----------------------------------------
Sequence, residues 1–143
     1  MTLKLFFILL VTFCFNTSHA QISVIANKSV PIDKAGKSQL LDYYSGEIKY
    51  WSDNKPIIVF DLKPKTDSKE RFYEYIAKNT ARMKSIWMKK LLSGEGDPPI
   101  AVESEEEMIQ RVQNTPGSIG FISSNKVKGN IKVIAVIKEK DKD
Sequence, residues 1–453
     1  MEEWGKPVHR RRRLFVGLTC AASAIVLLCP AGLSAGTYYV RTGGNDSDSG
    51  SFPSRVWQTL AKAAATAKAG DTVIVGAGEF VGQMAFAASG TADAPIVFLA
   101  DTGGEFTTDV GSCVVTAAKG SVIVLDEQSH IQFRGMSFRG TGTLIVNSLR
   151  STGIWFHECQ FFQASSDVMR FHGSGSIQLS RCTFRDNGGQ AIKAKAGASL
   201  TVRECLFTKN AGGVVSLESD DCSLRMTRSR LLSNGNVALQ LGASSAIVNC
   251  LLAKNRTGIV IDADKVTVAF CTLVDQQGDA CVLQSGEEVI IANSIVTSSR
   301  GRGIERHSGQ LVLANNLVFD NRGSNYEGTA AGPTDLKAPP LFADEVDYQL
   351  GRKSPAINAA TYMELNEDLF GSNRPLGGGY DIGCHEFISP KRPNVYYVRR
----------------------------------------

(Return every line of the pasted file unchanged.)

Sequence, residues 1–143
     1  MTLKLFFILL VTFCFNTSHA QISVIANKSV PIDKAGKSQL LDYYSGEIKY
    51  WSDNKPIIVF DLKPKTDSKE RFYEYIAKNT ARMKSIWMKK LLSGEGDPPI
   101  AVESEEEMIQ RVQNTPGSIG FISSNKVKGN IKVIAVIKEK DKD
Sequence, residues 1–453
     1  MEEWGKPVHR RRRLFVGLTC AASAIVLLCP AGLSAGTYYV RTGGNDSDSG
    51  SFPSRVWQTL AKAAATAKAG DTVIVGAGEF VGQMAFAASG TADAPIVFLA
   101  DTGGEFTTDV GSCVVTAAKG SVIVLDEQSH IQFRGMSFRG TGTLIVNSLR
   151  STGIWFHECQ FFQASSDVMR FHGSGSIQLS RCTFRDNGGQ AIKAKAGASL
   201  TVRECLFTKN AGGVVSLESD DCSLRMTRSR LLSNGNVALQ LGASSAIVNC
   251  LLAKNRTGIV IDADKVTVAF CTLVDQQGDA CVLQSGEEVI IANSIVTSSR
   301  GRGIERHSGQ LVLANNLVFD NRGSNYEGTA AGPTDLKAPP LFADEVDYQL
   351  GRKSPAINAA TYMELNEDLF GSNRPLGGGY DIGCHEFISP KRPNVYYVRR